When the borough of Staten Island is mentioned, a few things immediately come to mind: The expensive tolls at the Verrazano Bridge, the mighty Wu-Tang Clan and the Staten Island Ferry. While the Wu basically put Shaolin on the map musically, “The Forgotten Borough” is an unfortunate stigma that not much else good comes from there. Emcee Squeegie O seeks to disprove those negative notions about his home borough with his latest project, F.N.T.G. (From Niggaz To Godz).

Entering 2020, Squeegie O comes in with a discography more than seven projects deep over the past seven plus years. That experience is clear in his content, song structure and confidently smooth delivery. On F.N.T.G. the musical landscape is shaped by Amsterdam, Netherlands producer, P Souloist. Upon numerous spins, the synergy of Squeegie O’s diverse song content and P Souloist’s production is evident as they have developed a distinct mood on each track.

The imagery conjured from the intro is that of a laid-back family Sunday as a soulful vinyl record fills the air, fitting for the title “The End JUSTIFIES The Means (Intro).” As “No Luv” begins its established early that Squeegie O is unapologetic in his approach, stating: “Your love was never needed nigga, plus your hugs was never needed nigga…” The psychedelic production builds up as a guitar takes you deeper into Squeegie O’s life and society. The current rap life has provided highly questionable clothing selections, fake thugging, and more opinions on the industry through his “Open Letter.” Egon Doe and Squeegie O link up on “Chesson Boise” as they have done throughout their careers. Here they’re dropping bars over a spooky-looped, bass-thumping P Souloist track reminiscent of something from Redman’s Dare Iz A Darkside. The title is distinctly accurate on “Flesh Eatin Bobby”, as the rhymes and evil rock essence from the production deliver a sinister vibe. The vocal sample loop on “Let’s Stay Together” feat Mvtha Cvla is engulfed in a mellow vibe, yet presented with a serious topic. Squeegie believes in the best for our youth as he questions largely, the world and the pervasively negative music we raise them on. “The world is yours, you got to teach the young.” P Souloist unearths his own inner Staten Island with a slight Wu-Tang vibe on “Kabrina.”Harbor Kidz” takes us on a lyrical journey with Squeegie O and Baltimore emcee/Staten Island native, Jamil Honesty.

Listen to Harbor Kidz here:

My Uncle said in theory we are Prisoners to our conscience, controllers of our destiny, each level gives an outcome…“ This is the epicenter of “Karma.” The influence of technology (social media, big brother, accessible information) is a gift and a curse on “Negro 911” with lines like “babies are born into technology, four months with a phone in his hand…” The struggle of feeding oneself, paying rent, impressing women, sneakers, clothes, food stamps/EBT, and hustling, are the focus of “Definition Of A Broke Nigga” with Drugunn$ delving deeper on the second verse. Step Brothaz” featuring San Diego, CA Emcee Scvtterbrvin (of Red Lotus Klan) brings the lyrical dexterity from both coasts as distant relatives. Having no direction, contemplating death, and feeling as if you won’t make it in life is a road to “Nowhere (Riding Shotgun)” as the Staten Island emcee’s thoughts take control while watching it a unfold. As a segue from the previous track, Squeegie O speaks on his views of cheating death/gambling with life, traversing to the afterlife to speak with loved ones on the first half of “Eid/Vil.” The latter half of the track follows the S.I. emcee reveling in life’s evils from prescription drug addiction, attention, followers/likes via social media, using others, bad credit and scams, to strippers receiving record deals.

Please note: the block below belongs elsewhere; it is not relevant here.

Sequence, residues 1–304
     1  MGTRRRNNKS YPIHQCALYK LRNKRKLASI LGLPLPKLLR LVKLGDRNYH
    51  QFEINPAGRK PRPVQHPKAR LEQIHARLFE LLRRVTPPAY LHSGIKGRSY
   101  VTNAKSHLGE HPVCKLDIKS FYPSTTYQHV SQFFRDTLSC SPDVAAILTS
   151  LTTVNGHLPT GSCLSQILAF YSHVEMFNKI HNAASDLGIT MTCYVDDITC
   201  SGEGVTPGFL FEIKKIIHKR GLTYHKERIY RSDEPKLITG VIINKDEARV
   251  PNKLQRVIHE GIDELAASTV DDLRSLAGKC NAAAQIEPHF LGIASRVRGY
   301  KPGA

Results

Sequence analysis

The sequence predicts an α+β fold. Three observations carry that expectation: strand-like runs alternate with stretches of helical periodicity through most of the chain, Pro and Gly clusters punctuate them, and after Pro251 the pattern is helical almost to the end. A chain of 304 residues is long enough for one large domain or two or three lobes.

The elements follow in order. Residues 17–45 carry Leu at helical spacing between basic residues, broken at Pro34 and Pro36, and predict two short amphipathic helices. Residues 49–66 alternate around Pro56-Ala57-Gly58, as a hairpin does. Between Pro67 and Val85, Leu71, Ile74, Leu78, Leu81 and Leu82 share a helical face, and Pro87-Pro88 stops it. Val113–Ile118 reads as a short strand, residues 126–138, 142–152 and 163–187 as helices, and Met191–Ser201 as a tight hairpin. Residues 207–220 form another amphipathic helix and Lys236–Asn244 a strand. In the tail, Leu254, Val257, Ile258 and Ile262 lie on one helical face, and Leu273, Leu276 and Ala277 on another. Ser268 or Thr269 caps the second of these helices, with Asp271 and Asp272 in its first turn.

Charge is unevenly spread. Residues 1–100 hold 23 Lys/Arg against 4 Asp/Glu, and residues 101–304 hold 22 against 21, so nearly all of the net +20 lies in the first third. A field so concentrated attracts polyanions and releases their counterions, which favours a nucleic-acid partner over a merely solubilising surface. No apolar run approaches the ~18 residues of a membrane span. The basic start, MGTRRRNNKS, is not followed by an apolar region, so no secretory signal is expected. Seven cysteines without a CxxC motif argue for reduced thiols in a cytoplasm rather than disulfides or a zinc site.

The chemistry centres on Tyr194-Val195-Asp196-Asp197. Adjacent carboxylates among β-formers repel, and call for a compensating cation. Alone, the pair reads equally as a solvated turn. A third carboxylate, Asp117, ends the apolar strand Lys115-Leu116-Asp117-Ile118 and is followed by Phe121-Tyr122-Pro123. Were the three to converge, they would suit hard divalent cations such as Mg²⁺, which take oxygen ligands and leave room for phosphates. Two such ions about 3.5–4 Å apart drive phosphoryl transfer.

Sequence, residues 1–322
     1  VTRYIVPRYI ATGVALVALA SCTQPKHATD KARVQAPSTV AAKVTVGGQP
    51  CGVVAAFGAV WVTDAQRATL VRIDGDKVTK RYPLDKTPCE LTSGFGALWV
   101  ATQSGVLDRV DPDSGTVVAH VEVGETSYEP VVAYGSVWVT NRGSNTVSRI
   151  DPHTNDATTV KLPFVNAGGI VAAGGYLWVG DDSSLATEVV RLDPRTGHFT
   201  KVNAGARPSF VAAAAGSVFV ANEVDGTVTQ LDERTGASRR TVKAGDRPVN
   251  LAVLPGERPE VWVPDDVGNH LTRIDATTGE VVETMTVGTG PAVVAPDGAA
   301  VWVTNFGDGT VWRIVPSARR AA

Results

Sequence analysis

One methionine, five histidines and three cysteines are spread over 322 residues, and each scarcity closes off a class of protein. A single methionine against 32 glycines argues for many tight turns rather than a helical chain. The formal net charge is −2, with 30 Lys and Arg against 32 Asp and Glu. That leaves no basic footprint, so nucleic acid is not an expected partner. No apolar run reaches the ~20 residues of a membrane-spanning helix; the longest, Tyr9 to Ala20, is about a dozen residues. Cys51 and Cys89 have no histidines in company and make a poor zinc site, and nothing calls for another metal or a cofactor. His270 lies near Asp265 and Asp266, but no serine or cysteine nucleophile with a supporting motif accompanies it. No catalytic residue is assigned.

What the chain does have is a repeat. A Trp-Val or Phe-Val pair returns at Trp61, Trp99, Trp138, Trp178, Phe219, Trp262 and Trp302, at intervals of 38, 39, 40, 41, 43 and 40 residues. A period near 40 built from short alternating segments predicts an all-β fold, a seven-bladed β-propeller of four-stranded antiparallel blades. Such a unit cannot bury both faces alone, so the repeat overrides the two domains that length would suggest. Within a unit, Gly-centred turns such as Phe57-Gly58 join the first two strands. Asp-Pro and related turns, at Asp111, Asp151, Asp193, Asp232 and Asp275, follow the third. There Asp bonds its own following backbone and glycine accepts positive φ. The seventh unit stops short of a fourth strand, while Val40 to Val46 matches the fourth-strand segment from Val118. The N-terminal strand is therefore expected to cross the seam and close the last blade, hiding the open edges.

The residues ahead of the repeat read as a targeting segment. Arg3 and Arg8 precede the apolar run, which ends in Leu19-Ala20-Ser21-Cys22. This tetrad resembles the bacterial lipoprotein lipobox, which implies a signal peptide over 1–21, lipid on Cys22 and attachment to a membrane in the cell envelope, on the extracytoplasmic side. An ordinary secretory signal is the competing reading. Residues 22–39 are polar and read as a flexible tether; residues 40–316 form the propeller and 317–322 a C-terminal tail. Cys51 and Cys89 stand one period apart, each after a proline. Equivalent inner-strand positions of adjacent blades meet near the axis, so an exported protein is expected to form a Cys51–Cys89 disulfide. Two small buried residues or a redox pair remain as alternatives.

Squeegie O: “This album isnt all happy-go-lucky and it isnt the usual jackin Griselda wave shit niggas are used to hearing today. This album is my growth, my life. I may not be everyone’s cup of tea but I make shit relatable to the average joe or the person who lives realistically in a plastic based world. From Niggaz to Godz is the story of life in emcee perspective. Cause the truth of the matter is, however we live, “We All Evolve From Niggaz To godz,” (we) just have to stop doing nigga shit in order to see the true god living inside you.”

The music industry’s portrayal of us, their influence on the youth and their attempts to silence Boom Bap in the mainstream are all recurring themes on F.N.T.G. Squeegie wants us to see this and actively think about such things. Striving to push the youth to believing they can be on a brighter path starts with us, the adults and elders. Amsterdam producer P Souloist is key to the cohesion of this project as his production couldn’t be any better throughout the entire album. Expect more great work between these two. Squeegie O’s lyrical expressions aims to have the listener become more aware of the world we live in. He shows us how the hood is past, present, future for him and for many of us growing up. Squeegie touches on life struggles, success and failure, and self-awareness. He holds these as crucial topics, central to his persona and close to his heart in conveying a sense of truth. Never eluding the fact that there is more out there than what is fed to us. Elevate our minds “From Niggaz To Godz (F.N.T.G.)”.

Purchase the album here: